Progressive professors want a blacklist of Quillette writers

Using social pressure to stigmatize is a hallmark of witch hunts throughout history, and this tactic hides in plain sight on social media. But one wonders what the point is of declaring a publication dedicated to free speech and open discourse off limits?

Terry Newman Montreal QC

Dr. Katja Thieme, a professor of English at the University of British Columbia, took to Twitter recently to enact her own unique brand of McCarthyism. “YES. If you are an academic and you publish in Quillette, we see you. We fucking see you. And we are looking right at you.”

This was in response to the following tweet by a Denison University History professor who stated, “And any member of our field who publishes with Quillette should lose all credibility.”

One of Thieme’s followers then followed up with the astonishing suggestion that there should be a literal blacklist of academics who have written for the magazine. “It would be nice to have a list of Canadian academics who have published in that shitrag.”

Using social pressure to stigmatize is a hallmark of witch hunts throughout history, and this tactic hides in plain sight on social media. But one wonders what the point is of declaring a publication dedicated to free speech and open discourse off limits? It appears that this mob is fearful of what could be gained by engaging in an honest exploration of ideas.

What’s frightening about the ease with which these comments are made is that I highly doubt any of these educators have actually read Quillette.

It has become fashionable to spout nonsense such as Quillette is “racist,” or Quillette is “white supremacist.” When asked to provide evidence, accusers often claim that they do not have to provide evidence, or they just never respond.

There were no responses to these questions. This refusal to provide evidence for accusations is striking considering the number of likes and retweets these dehumanizing statements get on Twitter. So what’s happening here? Let’s explore.

In his article “The Two Step Flow of Communication,” Elihu Katz asks, when it comes to the actions and behaviors of individuals in communities, who is more influential? Opinion leaders or the media?

To set up his investigation he first asks the question, what is an opinion leader? Opinion leaders to Katz express values, have a level of professional expertise in some subject, although it may not be the one they are attempting to influence networks on, and they have large social networks.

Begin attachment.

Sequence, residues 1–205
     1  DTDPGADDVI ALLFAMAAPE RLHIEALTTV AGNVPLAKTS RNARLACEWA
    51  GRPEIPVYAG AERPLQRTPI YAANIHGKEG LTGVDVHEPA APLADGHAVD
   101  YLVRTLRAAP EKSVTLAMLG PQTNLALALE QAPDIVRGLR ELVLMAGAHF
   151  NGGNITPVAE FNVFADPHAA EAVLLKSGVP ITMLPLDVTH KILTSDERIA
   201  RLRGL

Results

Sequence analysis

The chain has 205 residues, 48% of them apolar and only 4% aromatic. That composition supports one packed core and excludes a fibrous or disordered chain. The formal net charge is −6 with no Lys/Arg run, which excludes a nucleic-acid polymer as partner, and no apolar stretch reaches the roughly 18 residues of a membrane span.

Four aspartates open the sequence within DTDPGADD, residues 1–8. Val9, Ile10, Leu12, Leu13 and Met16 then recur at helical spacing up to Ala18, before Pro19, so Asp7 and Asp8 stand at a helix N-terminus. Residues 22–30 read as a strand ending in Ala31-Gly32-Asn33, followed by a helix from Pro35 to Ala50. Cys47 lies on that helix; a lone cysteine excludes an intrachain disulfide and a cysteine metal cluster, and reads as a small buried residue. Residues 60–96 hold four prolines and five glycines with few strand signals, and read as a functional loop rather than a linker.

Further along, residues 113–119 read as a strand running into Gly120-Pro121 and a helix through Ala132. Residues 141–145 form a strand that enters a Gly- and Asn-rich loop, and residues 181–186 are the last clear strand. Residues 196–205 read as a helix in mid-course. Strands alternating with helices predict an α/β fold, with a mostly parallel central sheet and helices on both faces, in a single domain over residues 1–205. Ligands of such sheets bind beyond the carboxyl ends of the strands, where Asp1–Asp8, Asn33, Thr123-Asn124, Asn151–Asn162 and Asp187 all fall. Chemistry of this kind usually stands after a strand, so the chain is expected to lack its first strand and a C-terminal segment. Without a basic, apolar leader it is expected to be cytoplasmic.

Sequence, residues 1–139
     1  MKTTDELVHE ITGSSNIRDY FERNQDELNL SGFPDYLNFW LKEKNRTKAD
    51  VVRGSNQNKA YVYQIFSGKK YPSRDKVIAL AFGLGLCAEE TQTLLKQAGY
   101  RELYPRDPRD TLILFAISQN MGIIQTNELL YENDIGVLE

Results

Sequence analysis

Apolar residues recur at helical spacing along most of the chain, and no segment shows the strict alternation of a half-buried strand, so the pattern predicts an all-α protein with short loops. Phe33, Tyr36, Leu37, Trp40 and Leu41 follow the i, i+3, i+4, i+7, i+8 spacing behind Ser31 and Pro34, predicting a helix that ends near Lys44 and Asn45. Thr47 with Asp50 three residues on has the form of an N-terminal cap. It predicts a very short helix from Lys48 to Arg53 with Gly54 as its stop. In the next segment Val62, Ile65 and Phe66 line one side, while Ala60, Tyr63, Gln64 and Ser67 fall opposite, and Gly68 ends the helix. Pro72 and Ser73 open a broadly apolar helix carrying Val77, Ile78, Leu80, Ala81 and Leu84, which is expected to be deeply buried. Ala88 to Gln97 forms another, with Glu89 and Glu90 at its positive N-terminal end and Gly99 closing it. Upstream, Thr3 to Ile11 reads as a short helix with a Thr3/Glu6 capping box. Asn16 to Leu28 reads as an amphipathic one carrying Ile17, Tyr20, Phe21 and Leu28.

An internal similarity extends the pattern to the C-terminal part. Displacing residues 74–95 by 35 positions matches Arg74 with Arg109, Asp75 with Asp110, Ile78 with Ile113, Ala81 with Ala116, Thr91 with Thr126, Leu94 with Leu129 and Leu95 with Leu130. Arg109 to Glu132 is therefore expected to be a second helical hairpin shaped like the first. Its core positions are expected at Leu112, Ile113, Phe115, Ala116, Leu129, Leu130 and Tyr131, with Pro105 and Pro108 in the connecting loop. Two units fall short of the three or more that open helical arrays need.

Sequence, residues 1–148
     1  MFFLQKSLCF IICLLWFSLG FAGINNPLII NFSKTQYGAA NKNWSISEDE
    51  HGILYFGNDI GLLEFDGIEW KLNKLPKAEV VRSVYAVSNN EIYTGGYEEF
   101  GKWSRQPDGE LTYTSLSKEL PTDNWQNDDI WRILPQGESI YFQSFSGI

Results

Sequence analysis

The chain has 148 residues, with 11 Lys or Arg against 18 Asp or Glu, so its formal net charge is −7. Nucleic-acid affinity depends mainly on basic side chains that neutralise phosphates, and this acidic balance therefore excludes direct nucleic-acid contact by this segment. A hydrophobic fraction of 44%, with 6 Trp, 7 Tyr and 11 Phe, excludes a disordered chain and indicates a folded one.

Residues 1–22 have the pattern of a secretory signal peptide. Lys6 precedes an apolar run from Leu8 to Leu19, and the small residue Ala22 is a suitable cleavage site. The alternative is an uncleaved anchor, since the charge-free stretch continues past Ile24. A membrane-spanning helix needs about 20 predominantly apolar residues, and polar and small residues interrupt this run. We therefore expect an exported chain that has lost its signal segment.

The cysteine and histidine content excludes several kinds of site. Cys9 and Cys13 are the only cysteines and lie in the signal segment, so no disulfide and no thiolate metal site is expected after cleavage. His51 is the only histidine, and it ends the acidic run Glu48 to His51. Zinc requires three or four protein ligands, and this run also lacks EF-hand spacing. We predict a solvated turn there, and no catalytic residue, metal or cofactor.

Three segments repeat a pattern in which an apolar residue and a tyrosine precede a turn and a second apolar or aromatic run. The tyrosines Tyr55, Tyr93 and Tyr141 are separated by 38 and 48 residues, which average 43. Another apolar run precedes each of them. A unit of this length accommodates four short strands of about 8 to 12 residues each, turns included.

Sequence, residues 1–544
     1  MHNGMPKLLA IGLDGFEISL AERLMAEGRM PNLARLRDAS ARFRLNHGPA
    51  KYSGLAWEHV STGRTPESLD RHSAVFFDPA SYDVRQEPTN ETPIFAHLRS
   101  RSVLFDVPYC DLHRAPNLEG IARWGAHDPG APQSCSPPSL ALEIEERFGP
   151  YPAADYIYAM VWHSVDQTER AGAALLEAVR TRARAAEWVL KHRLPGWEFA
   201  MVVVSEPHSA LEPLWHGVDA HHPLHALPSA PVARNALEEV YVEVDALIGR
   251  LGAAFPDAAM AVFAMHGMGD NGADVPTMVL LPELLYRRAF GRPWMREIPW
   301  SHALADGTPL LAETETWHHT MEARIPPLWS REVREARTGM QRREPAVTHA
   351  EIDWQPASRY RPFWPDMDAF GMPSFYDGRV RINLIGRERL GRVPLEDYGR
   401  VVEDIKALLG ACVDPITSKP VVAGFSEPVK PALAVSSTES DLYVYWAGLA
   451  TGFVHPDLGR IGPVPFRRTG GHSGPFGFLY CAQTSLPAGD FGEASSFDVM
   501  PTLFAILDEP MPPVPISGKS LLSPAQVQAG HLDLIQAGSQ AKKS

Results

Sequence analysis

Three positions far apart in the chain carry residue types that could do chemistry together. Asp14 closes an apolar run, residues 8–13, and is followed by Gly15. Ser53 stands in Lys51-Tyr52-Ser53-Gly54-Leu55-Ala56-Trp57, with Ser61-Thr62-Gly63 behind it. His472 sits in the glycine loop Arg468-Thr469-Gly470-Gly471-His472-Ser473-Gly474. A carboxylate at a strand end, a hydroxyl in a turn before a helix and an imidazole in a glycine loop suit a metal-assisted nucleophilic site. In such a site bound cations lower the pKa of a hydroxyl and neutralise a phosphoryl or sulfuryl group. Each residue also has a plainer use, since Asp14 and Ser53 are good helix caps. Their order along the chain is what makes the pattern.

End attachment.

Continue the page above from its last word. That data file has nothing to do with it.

For Katz, these opinion leaders are often driven by two things: increasing their status in the eyes of others, and social acceptance.

These opinion leaders are seen as familiar to their networks and are therefore trusted in a way that regular media interlocutors are not.

Applying Katz’s theory to opinion leaders on Twitter, we can see that theory holds. One need only look at the numbers of likes or retweets that opinion leaders like Matthew Sears and aspiring opinion leaders like Katja Thieme receive on Twitter.

In a Washington Post article claiming MAGA hats will eventually be the moral equivalent of Klu Klux Klan robes, Sears spends 95% of his article not even discussing MAGA hats. He espouses on Ancient Greek history, a subject he’s actually knowledgeable in.

However, when it comes time to discuss his initial claim, he makes a very alarming remark: that individual voters should be be held “morally accountable” for the electoral decisions they make. There are a multitude of reasons why this claim is naive and frightening, but I am not going to get into those here.

Sears was surely not thinking of Obama’s drone strikes when he made this assertion. One cannot make such a claim about a system of governance and then just change one’s mind about its authoritarian methods of ruling when a different political leader comes into office. Sears does not seem to understand this.